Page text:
Recently a debtor experiencing financial problems sought the advice of a debt counselor and subsequently executed a s188 Authority appointing two partners from Worrells as his Controlling Trustees pursuant to Part X of the Bankruptcy Act. Unbeknown to the debtor, he may have been an undischarged bankrupt at the time.
Generally speaking a bankruptcy lasts for three years, however it will not end earlier than three years from the date the bankrupt’s Statement of Affairs is lodged with the Official Receiver (s149). In this instance our debtor was made bankrupt over 20 years ago however no Statement of Affairs was lodged and hence his bankruptcy continued over the years.
The first question is whether a debtor can appoint a Controlling Trustee if he or she is an undischarged bankrupt. The answer appears to be yes. Section 188 of the Act does not prohibit an undischarged bankrupt from doing so. This makes sense for many reasons. One of which is that you can have multiple bankruptcies in effect at any one time, so why not a Controlling Trusteeship and a bankruptcy.
Secondly, there are different creditors and different property available to those creditors in the different estates. Section 59 of the Act deals with which estate is entitled to the property available in the case of multiple bankruptcies, however this section appears not to extend to a debtor’s property when in a Controlling Trusteeship.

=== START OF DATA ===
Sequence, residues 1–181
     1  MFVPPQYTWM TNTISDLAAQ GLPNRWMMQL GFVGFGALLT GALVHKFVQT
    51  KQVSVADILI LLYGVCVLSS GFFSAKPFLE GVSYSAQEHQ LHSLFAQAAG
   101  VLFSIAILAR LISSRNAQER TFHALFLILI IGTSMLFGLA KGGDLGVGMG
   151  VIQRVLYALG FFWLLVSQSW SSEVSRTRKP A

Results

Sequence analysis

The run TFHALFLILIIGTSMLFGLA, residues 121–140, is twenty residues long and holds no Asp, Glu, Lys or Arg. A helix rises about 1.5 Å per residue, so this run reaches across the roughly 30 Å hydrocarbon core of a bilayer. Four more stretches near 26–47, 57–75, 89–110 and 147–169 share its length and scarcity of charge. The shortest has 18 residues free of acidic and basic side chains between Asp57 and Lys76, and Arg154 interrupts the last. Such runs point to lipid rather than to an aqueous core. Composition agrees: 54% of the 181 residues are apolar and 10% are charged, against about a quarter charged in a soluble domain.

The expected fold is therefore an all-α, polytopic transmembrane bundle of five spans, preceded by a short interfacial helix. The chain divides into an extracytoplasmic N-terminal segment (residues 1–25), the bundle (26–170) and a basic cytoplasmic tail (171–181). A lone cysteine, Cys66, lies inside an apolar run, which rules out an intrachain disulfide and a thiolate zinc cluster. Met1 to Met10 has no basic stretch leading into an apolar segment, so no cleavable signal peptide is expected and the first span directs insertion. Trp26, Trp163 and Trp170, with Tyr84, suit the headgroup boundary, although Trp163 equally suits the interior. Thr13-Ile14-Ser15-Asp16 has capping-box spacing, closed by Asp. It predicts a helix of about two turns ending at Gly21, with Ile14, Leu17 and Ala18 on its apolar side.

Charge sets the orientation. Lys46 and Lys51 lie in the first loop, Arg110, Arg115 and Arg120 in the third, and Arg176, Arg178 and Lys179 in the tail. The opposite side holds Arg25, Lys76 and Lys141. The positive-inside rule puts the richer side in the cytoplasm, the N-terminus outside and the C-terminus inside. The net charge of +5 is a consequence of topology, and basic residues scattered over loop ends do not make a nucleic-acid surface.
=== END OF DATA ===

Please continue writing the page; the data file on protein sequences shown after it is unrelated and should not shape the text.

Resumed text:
In cases where a Controlling Trustee is also appointed the debtor’s divisible property, which includes after acquired property, vests in the debtor’s Bankruptcy Trustee. In this case he was appointed more than 20 years ago.
It is rarely relied upon in practice, but section s127 of the Act imposes a limitation on the Trustee in Bankruptcy to make a claim to divisible property in the estate no later than 20 years from the date of bankruptcy.
In our case over twenty years had passed since the date of bankruptcy and no claim had been made by the Trustee in bankruptcy. Therefore the property should be dealt with in the Controlling Trusteeship and should be available to meet the claims provable in the current administration.
In hindsight the bankrupt should have lodged a Statement of Affairs early in his bankruptcy and this would not have been an issue. It still raises interesting points though as to how property is dealt with and who has control of it when more than one estate is in operation for one individual, particularly when one of them is a Controlling Trusteeship.